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Finding the Right Solution

January 11, 2018

 

On any given weekend the parking lots at big box stores are often filled with cars and the stores are packed with shoppers. Being able to purchase a table saw, light bulbs, fertilizer and toilet paper at 'discount' prices and al from the same retailer seems to be the draw.  Brilliant – a one-stop-shop. Everyone else seems to  shop these retailers, so one would assume they’re worthwhile. They offer aisle upon aisle of floor–to-ceiling shelves stocked with everything a person could possible need. Everything except consistent customer assistance. 

 

The fact is, I do tend frequent these establishments and often end up finding what I need. But there are certain situations where a one-stop-shop doesn’t provide the solution I am looking for. Facing a challenging home repair problem often leads to a drive of many miles to a big box retailer. Being unable to locate it among the vast amounts of other products, the goal becomes to find someone with enough knowledge to find it for you – ideally someone who understands the situation and can point you toward the solution. Not someone who aimlessly wanders aisle after aisle, looking for the item he or she thought was somewhere in the store, and then eventually passes you on to another associate, who might be able to serve you better. More than that, an attempt to sell you a product that might fit your needs simply because the individual is being paid by a particular manufacturer, is not ideal. In these big box scenarios, we can often miss a solution that has been right in front of us all along.

 

In the midst of my latest home repair challenge, I realized while enroute to a big box store, that I drove right by my solution: the neighborhood hardware store! The store in our neighborhood has been on the same corner since before the turn of the century (as in the 1800’s) and has been owned by the same family all of these years. One of the coolest things about this place is that they know me by name. Not only that, but they remember my father and my grandfather. The employees at this store have taken the time and effort to know me and they can provide both the product I need and the insight, guidance, and wisdom to address the challenge I am facing. They also happen to have free popcorn every day of the week and the owner’s dog roams the store freely. You would be hard pressed to find all of this at one the monoliths we find in every city, suburb, and small town in these United States.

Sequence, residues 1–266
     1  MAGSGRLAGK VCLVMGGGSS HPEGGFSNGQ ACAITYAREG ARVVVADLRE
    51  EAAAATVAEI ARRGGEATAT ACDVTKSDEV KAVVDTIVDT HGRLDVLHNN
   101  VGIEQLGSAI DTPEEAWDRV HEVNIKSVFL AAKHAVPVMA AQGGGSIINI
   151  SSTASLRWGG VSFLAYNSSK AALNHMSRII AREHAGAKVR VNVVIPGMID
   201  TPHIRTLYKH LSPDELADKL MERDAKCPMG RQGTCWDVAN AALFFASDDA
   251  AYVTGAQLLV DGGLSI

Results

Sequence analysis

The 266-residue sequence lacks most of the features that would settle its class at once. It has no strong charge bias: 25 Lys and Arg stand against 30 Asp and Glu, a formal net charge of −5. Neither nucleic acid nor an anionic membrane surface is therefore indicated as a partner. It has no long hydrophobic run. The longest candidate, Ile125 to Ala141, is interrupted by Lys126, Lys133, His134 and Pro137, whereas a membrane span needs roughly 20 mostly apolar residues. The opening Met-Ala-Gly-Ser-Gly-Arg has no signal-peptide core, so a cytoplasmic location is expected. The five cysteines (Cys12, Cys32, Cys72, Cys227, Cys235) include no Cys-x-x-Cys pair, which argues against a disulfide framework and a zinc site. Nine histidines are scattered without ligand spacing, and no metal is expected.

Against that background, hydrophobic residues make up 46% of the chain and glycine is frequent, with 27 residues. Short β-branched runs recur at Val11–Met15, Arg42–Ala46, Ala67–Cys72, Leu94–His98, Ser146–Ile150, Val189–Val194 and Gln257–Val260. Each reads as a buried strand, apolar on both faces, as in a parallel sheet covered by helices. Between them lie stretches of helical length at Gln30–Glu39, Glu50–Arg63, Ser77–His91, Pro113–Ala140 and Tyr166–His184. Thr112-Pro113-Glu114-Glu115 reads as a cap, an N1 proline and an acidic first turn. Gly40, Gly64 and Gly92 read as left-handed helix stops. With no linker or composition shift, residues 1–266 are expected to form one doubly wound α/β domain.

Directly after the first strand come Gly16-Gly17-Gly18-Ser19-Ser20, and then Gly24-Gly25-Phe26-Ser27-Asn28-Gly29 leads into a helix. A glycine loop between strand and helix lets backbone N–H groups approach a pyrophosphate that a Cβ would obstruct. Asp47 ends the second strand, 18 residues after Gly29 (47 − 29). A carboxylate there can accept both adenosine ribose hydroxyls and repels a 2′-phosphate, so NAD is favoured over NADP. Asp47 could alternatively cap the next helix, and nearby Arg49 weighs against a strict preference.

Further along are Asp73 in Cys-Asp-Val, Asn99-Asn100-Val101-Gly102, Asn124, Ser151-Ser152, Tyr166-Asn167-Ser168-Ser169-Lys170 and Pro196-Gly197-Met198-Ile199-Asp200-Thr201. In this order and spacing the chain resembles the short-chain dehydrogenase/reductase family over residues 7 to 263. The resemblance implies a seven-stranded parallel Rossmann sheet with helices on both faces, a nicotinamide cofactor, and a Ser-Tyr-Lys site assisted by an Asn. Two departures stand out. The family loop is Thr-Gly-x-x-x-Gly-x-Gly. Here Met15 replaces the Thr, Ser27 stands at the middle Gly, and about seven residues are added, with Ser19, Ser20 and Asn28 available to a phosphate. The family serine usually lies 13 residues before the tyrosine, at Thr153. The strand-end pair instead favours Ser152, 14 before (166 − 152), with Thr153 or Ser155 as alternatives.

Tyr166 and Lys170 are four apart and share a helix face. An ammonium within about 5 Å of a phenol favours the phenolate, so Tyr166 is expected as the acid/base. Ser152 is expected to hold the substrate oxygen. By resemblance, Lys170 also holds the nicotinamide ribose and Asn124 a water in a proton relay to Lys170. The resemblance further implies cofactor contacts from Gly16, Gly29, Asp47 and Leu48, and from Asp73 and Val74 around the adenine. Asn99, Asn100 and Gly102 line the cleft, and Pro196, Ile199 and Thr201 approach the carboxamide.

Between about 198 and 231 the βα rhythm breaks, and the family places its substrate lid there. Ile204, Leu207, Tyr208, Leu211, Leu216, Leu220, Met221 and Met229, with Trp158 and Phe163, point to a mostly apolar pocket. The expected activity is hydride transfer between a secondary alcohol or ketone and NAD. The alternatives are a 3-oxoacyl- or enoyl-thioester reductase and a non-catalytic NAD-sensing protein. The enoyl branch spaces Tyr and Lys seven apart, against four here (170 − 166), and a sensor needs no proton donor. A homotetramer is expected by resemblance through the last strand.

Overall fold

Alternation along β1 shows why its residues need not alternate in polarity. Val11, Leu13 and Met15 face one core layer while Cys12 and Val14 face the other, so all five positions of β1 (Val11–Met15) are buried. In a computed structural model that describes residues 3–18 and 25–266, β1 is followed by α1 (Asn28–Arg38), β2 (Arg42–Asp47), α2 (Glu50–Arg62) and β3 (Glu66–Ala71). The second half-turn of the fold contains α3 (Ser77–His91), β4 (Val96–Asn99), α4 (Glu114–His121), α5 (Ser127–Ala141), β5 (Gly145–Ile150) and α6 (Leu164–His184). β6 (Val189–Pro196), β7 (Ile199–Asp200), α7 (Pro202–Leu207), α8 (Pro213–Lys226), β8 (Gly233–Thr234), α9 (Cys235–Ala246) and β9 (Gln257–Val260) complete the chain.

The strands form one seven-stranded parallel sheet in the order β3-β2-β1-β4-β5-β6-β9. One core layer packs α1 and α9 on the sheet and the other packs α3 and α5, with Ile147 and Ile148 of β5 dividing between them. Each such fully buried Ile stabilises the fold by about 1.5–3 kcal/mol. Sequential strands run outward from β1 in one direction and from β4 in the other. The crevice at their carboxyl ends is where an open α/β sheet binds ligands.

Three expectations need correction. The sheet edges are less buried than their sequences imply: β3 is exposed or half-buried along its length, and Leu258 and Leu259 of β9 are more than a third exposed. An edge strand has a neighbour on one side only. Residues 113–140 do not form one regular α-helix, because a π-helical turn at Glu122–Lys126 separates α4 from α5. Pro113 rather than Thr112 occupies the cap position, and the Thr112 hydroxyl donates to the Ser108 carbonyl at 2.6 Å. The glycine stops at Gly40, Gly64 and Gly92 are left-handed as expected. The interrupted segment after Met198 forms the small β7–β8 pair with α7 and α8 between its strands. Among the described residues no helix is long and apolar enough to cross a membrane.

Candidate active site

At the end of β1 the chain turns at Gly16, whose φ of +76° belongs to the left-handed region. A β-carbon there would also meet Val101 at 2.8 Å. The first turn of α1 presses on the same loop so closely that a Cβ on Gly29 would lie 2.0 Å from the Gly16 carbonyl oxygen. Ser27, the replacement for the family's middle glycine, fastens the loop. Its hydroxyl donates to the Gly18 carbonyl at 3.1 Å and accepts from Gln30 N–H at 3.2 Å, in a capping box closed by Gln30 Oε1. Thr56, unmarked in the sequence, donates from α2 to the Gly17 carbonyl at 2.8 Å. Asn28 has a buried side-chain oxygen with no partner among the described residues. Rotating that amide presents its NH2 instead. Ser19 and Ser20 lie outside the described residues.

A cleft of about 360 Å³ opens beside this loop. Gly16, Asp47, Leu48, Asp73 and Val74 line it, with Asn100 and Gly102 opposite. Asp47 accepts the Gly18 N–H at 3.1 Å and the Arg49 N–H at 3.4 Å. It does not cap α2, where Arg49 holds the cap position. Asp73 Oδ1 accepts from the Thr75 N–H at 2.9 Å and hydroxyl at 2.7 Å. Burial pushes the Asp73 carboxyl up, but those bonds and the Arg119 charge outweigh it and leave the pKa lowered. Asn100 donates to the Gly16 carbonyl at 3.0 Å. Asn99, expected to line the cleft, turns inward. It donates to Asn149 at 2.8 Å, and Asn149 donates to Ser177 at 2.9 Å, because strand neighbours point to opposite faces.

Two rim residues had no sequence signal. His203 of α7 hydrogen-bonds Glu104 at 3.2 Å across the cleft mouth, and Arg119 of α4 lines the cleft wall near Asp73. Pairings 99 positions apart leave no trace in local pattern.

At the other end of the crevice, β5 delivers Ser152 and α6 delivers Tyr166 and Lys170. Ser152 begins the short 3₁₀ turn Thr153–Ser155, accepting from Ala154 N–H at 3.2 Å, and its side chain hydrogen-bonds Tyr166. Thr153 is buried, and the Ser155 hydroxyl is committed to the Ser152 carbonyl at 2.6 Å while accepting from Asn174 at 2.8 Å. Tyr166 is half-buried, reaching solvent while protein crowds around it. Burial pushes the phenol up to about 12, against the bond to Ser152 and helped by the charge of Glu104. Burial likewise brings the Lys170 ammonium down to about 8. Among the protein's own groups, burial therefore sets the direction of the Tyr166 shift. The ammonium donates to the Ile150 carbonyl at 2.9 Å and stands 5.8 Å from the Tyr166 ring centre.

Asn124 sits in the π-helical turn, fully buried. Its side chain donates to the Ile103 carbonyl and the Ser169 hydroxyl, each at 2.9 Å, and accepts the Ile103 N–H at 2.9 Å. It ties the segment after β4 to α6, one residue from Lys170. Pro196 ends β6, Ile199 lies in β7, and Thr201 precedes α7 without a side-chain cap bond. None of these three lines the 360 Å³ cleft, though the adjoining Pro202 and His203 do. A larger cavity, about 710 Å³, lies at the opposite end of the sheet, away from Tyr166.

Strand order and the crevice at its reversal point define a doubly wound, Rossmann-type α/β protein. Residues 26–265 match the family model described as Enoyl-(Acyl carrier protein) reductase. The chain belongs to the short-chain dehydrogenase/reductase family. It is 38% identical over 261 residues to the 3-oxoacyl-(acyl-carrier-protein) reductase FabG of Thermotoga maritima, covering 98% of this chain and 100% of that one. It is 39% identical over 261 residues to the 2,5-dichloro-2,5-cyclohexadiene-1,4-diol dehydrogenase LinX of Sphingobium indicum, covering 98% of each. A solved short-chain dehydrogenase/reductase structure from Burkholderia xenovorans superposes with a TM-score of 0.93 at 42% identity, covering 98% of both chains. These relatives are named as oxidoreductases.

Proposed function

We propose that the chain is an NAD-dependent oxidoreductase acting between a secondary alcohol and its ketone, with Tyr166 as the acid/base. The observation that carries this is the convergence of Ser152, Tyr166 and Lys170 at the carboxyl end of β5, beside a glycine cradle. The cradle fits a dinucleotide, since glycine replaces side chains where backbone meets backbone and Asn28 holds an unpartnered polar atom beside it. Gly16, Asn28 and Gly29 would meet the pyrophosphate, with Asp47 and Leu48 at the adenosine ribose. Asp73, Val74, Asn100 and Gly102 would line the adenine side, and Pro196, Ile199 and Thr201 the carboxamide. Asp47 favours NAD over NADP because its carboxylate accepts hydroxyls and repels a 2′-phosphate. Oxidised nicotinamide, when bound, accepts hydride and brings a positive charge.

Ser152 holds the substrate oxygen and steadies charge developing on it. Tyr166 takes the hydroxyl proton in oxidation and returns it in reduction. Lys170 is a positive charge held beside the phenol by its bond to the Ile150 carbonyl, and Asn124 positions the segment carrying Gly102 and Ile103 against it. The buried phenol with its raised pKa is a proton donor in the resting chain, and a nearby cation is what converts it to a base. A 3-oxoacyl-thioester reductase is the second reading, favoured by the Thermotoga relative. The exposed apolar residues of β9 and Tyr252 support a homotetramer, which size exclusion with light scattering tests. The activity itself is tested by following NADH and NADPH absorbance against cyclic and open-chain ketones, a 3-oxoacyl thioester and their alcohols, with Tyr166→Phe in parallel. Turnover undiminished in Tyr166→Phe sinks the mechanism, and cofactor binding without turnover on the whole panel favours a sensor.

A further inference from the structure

Now, to be fair, I admit that often the best solution is a visit to one of those mega stores. But when the challenge being faced is unique and complex, there is nothing like the neighborhood hardware store, where they take time to know you and are willing to spend time and energy in finding a solution to your problem or challenge.

 

So, in life, work, and ministry, do we see ourselves as purveyors of voluminous goods and ideas to fit seemingly every need or do we see ourselves as uniquely gifted individuals committed to intentional and meaningful engagement with others? Are the churches we lead or attend committed to following the model of Jesus who saw others as fearfully made and wondrous creations of a loving God or simply consumers of whatever it is we are selling? 

 

At SIMA Partners for Churches it is our desire and intent to be more like the neighborhood hardware store: providing solutions to leadership transitions, but most importantly, a presence as trusted advisors, who take time and energy to know and serve those with whom we work.

 

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